Policy Shift on Graft Prevention Is a Joke

Joko Widodo’s plan to issue a regulation focusing more on graft prevention rather than enforcement — meaning investigation, arrest and prosecution — is a troubling shift of the country’s graft eradication policy in the wrong direction.

In an ideal world, prevention and prosecution are equally important. Indonesia is far from ideal. The term “corruption” was only introduced here less than 12 years ago. Corruption is so pervasive in almost all levels of society that punishing those who engage in it should be at the forefront of graft eradication efforts. Public punishment is a particularly powerful educational tool and deters future crimes.

Prevention is a long-term, gradual effort. But fixing the system and enhancing good governance cannot happen without first changing officials’ mindset — in Joko’s words, effecting a “mental revolution” — if you fail to demonstrate that breaking the law, whoever you are, carries consequences.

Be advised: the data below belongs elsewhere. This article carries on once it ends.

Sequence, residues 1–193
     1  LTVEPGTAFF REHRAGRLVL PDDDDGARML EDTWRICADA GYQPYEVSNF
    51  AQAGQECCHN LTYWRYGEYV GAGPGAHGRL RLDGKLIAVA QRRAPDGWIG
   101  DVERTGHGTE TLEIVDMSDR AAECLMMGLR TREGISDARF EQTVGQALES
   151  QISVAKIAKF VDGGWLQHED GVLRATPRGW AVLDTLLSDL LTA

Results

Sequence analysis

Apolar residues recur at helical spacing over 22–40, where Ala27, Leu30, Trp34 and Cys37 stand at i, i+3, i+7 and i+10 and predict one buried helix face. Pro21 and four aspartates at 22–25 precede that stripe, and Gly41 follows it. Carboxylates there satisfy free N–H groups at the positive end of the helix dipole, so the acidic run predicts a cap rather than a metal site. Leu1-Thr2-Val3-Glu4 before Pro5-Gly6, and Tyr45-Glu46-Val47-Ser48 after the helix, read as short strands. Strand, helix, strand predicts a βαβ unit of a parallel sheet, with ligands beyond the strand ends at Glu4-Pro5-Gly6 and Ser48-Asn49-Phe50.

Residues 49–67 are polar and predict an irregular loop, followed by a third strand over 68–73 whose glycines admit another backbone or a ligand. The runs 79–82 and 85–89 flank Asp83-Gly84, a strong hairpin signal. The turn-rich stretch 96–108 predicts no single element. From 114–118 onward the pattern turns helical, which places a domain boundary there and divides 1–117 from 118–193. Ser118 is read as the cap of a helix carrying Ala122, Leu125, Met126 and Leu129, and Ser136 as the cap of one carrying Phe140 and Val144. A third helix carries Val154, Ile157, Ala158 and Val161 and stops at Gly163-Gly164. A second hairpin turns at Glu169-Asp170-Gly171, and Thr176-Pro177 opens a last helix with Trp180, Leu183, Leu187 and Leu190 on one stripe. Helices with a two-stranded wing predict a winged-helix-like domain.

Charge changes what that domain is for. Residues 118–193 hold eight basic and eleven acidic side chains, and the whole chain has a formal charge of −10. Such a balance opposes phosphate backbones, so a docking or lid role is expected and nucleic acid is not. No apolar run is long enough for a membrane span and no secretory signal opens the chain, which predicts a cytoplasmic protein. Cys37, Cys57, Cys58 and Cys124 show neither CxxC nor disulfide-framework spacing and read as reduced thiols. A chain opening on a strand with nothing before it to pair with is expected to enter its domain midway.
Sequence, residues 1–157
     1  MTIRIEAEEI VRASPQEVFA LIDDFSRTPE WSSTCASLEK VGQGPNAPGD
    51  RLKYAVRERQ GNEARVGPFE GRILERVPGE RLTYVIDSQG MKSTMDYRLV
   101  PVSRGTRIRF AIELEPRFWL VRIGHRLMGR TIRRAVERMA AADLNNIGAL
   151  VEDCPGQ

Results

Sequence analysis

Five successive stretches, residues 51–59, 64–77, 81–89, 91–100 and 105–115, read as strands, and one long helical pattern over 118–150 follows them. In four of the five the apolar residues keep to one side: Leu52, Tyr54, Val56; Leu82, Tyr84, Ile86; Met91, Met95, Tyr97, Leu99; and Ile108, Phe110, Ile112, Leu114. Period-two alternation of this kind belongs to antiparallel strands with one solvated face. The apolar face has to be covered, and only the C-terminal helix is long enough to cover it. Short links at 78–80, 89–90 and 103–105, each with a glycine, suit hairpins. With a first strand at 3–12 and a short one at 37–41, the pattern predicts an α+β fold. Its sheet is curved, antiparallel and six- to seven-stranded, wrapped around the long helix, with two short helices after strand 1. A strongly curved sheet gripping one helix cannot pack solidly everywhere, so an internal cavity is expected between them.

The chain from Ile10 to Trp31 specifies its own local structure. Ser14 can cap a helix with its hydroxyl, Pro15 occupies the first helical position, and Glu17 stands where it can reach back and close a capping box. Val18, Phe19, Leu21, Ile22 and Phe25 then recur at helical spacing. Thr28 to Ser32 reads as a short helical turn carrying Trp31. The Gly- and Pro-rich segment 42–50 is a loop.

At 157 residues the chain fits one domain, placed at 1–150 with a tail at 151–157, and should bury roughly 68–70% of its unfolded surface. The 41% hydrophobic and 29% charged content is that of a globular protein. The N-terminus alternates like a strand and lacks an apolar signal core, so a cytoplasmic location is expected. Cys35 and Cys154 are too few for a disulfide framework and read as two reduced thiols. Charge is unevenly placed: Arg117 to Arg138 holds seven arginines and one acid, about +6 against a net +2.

Significantly curbing investigations, arrests and prosecutions when we know that there are so many people purloining taxpayers’ money sends the wrong message. It’s like saying: Those who have stolen state money can get away with it, since we’re now focusing only on those with future intent.

As the head of state, Joko can’t dictate what the Corruption Eradication Commission (KPK) can or can’t do. However, he has used extraordinary circumstances to justify directly appointing three of the current five KPK commissioners — positions usually selected from the public by an independent team and agreed upon by the House of Representatives, the KPK is already under the president.

Curbing prosecutions effectively kills the KPK as we know it: Arrests and prosecutions have been why we love and trust the KPK — and why Indonesia’s most dangerous criminals fear and despise it.

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